What’s Syracuse basketball like without Jim Boeheim at the helm?

Jim Boeheim arrived in Syracuse in 1963 as a security guard from nearby Lyons, New York who had dreams of playing for his favorite school. After his playing career ended, he stayed and became an assistant. In 1976 he was appointed head coach.

But the reign of a leader who has led his team to five Final Fours is at an end.

On Wednesday, a day after Syracuse lost to Wake Forest in the first round of the ACC tournament, the school announced that the head coach, who took the helm four years before Mike Krzyzewski’s arrival at Duke, would not be returning next season .

The consensus had always been that Boeheim would never willingly leave the program he has been attached to for nearly six decades. It never got to that point. The school reportedly made the decision, and now Adrian “Red” Autry, who played for Boeheim and served as his assistant, is Syracuse’s new head coach.

According to sources, Autry had long been the administrative choice to succeed Boeheim. The 1994 graduate has been on the Syracuse staff since 2011.

Twenty years after its only national title run, Syracuse must adjust to a new landscape — consisting of the transfer portal, opportunities for names, pictures and likenesses (NIL) and most importantly without Boeheim — to bring the program back to the fore.

ESPN’s Jeff Borzello, John Gasaway and Myron Medcalf discuss the biggest issues Syracuse is facing.

Where does Syracuse go from here without Boeheim?

Syracuse is trying to recapture the success it enjoyed under Boeheim until about a decade ago. The Final Four runs Orange made in 2013 (as No. 4) and 2016 (as No. 10) were postseason successes that largely offset an era of disappointment in the regular season. The Orange’s record in ACC play has been at or near .500 in each of the past nine seasons. Under a new coach there will be far fewer questions about the future of the program. This is a branded basketball team with a rabid fan base and a glittering roster of past stars starting with Carmelo Anthony. Syracuse goes on and up from here. – gas path

How did Autry become Boeheim’s successor?

For the last 10 to 15 years, when Boheim’s impending retirement was discussed, the assumption was that Syracuse would keep him in the family if he named his successor. It was long expected that it would be Mike Hopkins, who was the manager-on-waiting for a few years before becoming head coach at Washington in 2017. In recent years, Autry, 51, and Gerry McNamara, 39, left as the logical candidates — both former Syracuse players, both current Syracuse assistants. But Autry has more coaching experience and is ready to take the reins of the program. He’s a proven recruiter, particularly in the Washington, DC area, and few people have a better understanding of Syracuse basketball. – Borcello

What challenges does Autry face in the coming days as the new head coach?

Given that Autry played under Boeheim and has been on his staff since 2011, the continuity issues most new hires face may not be such a big issue for the Orange. But Autry will still face challenges when it comes to building a competitive squad for next season. Judah Mintz, the team’s second-leading scorer this season, is expected to be close to the second round of the NBA draft in June. Benny Williams kept falling out of favor under Böheim but ended the season well. Essentially, the entire squad is eligible to return for another season, so Autry’s ability to retain this group is imperative. On the recruiting path, the Oranges only have one commitment for 2023-24 and one commitment in the class of 2024. Autry also needs to get down to building future rosters. – Borcello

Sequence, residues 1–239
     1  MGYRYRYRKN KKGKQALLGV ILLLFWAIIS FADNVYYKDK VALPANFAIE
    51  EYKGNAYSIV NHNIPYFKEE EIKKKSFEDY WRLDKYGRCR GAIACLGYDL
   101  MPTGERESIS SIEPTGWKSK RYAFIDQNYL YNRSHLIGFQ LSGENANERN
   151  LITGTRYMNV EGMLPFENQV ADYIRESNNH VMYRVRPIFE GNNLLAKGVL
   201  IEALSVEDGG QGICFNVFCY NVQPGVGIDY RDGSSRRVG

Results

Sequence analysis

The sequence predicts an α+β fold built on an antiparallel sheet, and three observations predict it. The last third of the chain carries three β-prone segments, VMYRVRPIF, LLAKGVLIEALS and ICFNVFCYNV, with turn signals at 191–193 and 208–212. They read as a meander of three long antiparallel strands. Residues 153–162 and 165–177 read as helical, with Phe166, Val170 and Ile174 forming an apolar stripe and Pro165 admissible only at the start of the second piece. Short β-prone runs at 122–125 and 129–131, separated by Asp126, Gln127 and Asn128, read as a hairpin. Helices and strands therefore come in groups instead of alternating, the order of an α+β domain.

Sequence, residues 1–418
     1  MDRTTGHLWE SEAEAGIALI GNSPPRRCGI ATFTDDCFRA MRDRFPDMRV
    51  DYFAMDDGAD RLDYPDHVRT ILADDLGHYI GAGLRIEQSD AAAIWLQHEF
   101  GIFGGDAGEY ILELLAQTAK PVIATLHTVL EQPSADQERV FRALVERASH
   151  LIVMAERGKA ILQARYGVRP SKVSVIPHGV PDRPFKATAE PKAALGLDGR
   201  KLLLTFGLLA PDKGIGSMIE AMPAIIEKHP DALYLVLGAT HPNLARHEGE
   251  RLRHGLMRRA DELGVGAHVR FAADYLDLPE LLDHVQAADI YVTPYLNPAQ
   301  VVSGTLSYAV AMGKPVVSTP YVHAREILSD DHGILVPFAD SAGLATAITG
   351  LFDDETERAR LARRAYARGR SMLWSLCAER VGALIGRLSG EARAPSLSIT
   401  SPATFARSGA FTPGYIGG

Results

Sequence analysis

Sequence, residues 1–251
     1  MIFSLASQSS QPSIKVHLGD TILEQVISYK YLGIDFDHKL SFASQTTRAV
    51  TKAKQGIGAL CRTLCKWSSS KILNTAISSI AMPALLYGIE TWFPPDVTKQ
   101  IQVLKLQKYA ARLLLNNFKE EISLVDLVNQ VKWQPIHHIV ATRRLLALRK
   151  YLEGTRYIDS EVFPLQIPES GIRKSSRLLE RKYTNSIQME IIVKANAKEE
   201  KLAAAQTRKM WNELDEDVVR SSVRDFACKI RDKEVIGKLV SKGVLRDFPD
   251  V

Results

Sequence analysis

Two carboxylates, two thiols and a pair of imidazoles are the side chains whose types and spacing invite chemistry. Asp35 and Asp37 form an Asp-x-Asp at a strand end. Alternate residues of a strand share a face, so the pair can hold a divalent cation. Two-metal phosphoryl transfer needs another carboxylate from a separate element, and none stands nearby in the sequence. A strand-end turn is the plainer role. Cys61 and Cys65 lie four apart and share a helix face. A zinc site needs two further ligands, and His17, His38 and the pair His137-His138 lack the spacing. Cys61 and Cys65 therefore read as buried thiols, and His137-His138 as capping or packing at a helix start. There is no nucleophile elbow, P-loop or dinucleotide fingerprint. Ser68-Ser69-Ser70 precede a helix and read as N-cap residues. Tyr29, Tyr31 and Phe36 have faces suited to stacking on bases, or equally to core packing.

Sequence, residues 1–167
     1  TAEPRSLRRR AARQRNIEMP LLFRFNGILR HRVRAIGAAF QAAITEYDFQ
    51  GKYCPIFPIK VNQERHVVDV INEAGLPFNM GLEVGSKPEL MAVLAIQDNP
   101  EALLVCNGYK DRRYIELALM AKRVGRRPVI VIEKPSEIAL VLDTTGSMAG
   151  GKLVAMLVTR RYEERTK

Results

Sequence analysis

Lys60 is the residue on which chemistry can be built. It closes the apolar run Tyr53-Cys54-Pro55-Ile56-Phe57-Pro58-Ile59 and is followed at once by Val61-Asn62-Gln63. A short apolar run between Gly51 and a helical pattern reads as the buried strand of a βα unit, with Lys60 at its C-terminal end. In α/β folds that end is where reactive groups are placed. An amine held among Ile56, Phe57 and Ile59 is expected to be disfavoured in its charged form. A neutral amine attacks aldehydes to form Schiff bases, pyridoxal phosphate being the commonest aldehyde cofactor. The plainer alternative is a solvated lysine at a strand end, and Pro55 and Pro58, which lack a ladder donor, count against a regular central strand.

What does Syracuse expect from Autry in the long term? What must he do to ensure his success?

Last summer I flew to Syracuse to talk to Boeheim about his future. A few things stood out. First, Boeheim was so much more than a basketball coach. He was an emperor up there, for better or for worse. Secondly, he had no interest in adapting to a new world with NIL and the transfer portal. “We don’t pay players,” he said.

Syracuse has no choice but to plunge into this new era of college basketball if the goal is to return to enduring importance. Autry also has to act like a politician – and that will be the hardest part of this job. There’s a portion of that fanbase, including a lot of old money, that still loves Boeheim. Autry must be sensitive to this, as he creates his own culture without offending a group of followers who have loved Boeheim for five decades.

The expectation will be the same as with any coach: win, recruit, succeed in the NCAA tournament, and do it all again next year. But Autry is being asked to be more than just a coach. That’s an unfair magnifying glass for any head coach, even one who played and coached for the school.

Can he please everyone? Not even Boeheim could do it towards the end. Autry will do his best. If he can get things going again in the next few years, he’ll get the support. – Medcalf

https://www.espn.com/mens-college-basketball/story/_/id/35814461/what-does-syracuse-basketball-look-jim-boeheim-helm What’s Syracuse basketball like without Jim Boeheim at the helm?

Ian Walker

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